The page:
Testing Residual Flexural Tensile Stress in Fiber Reinforced Concrete – Part 1

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Technical Insights by Sean Peterfreund, SE, and Mark Trim, CPEng

For fiber-reinforced concrete structural linings, specifically sprayed concrete (i.e., shotcrete), the bending strength is determined after the concrete has cracked (i.e., exceeded the peak flexural tensile strength). This post-crack strength parameter is called “residual flexural tensile strength.” For the past two decades the underground industry, particularly civil tunnel construction, has used various test methods to verify this residual strength value. The test used would likely be based on what was done previously (especially in countries where laboratories may only be certified and/or equipped to perform one test method) and the designer’s or contractor’s preference.

Round panel undergoing testing
(Martin et al., 2011 [Trans. Soc. Min. Metal Explor., 328: 542–549])

One of the challenges with verifying residual flexural tensile strength is that concrete no longer behaves elastically post crack. The behavior of fiber reinforced concrete, post crack, will vary (strain hardening or softening) depending on the mix design and in particular the type of fiber used. Even defining the ultimate limit state (ULS) can depend on the performance required. Most international design standards provide guidance on ULS, which is typically assumed to occur when the fibers are near the point of failure (pull-out or snap through). To design and verify fiber reinforced concrete linings, the designer must determine the performance needed from the lining and the test method to verify performance assumptions. It is critical that the designer use a test method that matches the design method. That is, the test method must return a residual flexural strength value from the test result that can verify the design.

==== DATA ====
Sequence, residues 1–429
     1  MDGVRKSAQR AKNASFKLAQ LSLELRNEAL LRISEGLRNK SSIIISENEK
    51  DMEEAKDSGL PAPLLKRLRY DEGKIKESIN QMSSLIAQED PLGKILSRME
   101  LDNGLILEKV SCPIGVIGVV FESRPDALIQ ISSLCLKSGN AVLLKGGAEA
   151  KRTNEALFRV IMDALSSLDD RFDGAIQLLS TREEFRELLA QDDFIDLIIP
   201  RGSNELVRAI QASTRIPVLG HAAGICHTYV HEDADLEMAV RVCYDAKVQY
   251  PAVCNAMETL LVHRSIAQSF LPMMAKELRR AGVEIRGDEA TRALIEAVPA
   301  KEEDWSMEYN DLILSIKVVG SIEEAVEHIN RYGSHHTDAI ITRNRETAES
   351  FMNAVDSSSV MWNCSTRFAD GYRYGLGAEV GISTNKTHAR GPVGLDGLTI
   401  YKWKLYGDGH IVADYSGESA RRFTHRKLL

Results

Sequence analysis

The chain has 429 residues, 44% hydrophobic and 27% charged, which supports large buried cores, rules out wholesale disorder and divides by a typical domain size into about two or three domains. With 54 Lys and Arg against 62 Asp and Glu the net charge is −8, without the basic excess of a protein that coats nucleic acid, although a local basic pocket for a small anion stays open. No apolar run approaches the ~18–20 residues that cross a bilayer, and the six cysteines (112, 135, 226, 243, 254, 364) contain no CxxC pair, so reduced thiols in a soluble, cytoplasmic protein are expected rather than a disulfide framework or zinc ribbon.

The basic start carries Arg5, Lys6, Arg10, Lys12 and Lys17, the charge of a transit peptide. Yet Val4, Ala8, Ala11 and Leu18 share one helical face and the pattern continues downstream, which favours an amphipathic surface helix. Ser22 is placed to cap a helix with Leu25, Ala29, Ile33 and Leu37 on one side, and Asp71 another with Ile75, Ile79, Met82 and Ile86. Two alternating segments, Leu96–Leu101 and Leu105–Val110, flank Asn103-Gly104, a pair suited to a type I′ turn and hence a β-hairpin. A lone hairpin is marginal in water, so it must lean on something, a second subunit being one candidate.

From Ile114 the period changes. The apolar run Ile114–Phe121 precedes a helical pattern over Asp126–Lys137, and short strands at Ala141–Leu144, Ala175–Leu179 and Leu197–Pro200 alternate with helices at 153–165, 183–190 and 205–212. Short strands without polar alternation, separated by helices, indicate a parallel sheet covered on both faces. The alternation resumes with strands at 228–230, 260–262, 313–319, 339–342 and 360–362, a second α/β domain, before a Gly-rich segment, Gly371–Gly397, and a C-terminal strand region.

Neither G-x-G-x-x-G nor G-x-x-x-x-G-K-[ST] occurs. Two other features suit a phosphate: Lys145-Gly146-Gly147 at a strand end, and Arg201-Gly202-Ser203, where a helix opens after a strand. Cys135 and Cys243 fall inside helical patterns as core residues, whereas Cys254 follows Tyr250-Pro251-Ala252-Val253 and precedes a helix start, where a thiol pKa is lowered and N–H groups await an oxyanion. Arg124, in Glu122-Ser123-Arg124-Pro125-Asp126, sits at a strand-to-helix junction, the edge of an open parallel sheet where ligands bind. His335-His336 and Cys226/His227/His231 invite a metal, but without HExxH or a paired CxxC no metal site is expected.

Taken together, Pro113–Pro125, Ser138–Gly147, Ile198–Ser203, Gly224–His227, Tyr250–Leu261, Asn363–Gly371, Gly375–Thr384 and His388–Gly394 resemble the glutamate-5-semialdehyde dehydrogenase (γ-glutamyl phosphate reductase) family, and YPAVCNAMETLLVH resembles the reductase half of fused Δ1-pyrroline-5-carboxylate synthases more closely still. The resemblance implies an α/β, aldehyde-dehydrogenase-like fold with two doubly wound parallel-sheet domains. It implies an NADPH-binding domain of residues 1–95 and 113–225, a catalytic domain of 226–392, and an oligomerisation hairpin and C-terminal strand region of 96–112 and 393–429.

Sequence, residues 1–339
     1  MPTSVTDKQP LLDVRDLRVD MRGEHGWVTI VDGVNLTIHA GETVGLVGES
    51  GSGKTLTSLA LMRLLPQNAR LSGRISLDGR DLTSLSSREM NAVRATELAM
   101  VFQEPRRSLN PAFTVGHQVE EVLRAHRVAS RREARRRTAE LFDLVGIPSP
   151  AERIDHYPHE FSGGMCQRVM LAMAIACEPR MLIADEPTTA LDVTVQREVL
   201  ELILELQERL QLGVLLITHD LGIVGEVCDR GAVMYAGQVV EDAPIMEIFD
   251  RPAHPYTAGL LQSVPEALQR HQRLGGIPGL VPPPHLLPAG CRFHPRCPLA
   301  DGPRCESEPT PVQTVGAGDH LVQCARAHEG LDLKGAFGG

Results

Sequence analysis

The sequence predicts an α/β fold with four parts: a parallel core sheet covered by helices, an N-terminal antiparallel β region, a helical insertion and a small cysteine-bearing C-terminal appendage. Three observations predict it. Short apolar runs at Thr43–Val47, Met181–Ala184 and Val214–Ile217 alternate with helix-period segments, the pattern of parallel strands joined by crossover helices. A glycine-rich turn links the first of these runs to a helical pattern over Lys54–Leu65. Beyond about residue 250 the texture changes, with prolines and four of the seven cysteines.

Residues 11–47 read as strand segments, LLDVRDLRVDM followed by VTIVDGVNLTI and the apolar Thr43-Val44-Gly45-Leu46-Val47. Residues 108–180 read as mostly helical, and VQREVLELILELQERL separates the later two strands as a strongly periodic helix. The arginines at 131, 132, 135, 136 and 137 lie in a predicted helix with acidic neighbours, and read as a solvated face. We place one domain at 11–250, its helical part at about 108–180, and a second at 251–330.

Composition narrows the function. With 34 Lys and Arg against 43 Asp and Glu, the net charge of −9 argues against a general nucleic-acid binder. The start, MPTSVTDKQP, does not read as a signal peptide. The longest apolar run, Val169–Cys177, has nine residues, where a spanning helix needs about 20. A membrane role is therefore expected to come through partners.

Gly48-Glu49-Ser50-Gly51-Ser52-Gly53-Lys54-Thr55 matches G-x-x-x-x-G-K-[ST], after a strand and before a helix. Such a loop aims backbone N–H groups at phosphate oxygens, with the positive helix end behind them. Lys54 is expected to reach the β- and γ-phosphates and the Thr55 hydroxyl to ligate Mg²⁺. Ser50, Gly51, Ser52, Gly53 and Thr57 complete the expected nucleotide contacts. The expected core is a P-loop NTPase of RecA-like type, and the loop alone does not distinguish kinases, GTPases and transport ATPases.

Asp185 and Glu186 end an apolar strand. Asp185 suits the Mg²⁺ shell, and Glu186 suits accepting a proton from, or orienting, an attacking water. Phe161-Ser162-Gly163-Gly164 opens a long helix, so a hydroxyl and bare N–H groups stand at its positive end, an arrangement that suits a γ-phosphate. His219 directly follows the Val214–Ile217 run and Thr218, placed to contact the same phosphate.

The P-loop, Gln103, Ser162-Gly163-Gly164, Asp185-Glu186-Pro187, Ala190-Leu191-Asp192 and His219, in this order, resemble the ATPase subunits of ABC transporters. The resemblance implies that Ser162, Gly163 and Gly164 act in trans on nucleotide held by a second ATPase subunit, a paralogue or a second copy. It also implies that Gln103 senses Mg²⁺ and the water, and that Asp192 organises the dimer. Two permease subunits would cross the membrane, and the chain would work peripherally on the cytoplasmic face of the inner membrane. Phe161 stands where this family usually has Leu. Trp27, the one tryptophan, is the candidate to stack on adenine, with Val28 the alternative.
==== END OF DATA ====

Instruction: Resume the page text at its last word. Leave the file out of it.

Over the past couple of years we have seen designs/specifications that specified one or two test types: one uses a beam as the sample, and the other a round panel. Both have their pros and cons, but only the beam test can verify the design without additional testing. This method (ASTM C1609 or EN 14157) must be used if the fiber reinforced concrete lining is designed as a structural lining (to withstand bending and axial forces). The round panel test (ASTM C1550) does not directly verify the residual tensile value. It only provides an indication of toughness, not the residual tensile strength. To verify the residual flexural strength values using round panels, correlation testing with a beam test is needed. See E.S. Bernard (2002)* for a more detailed discussion of the importance of correlation testing if round panels are used to verify performance of fiber reinforced concrete structural linings.

The design is not complete until it is verified by proper testing and inspections. For fiber reinforced concrete linings, selection of the test methods is critical and must be revisited on every project.

In a future “Part 2,” we will summarize some shotcrete research testing we are performing with partners to investigate the conversion factors provided in the various codes and standards.

* Bernard, E.S. 2002. Correlations in the behaviour of fibre reinforced shotcrete beam and panel specimens. Materials and Structures, RILEM, 35: 156–164.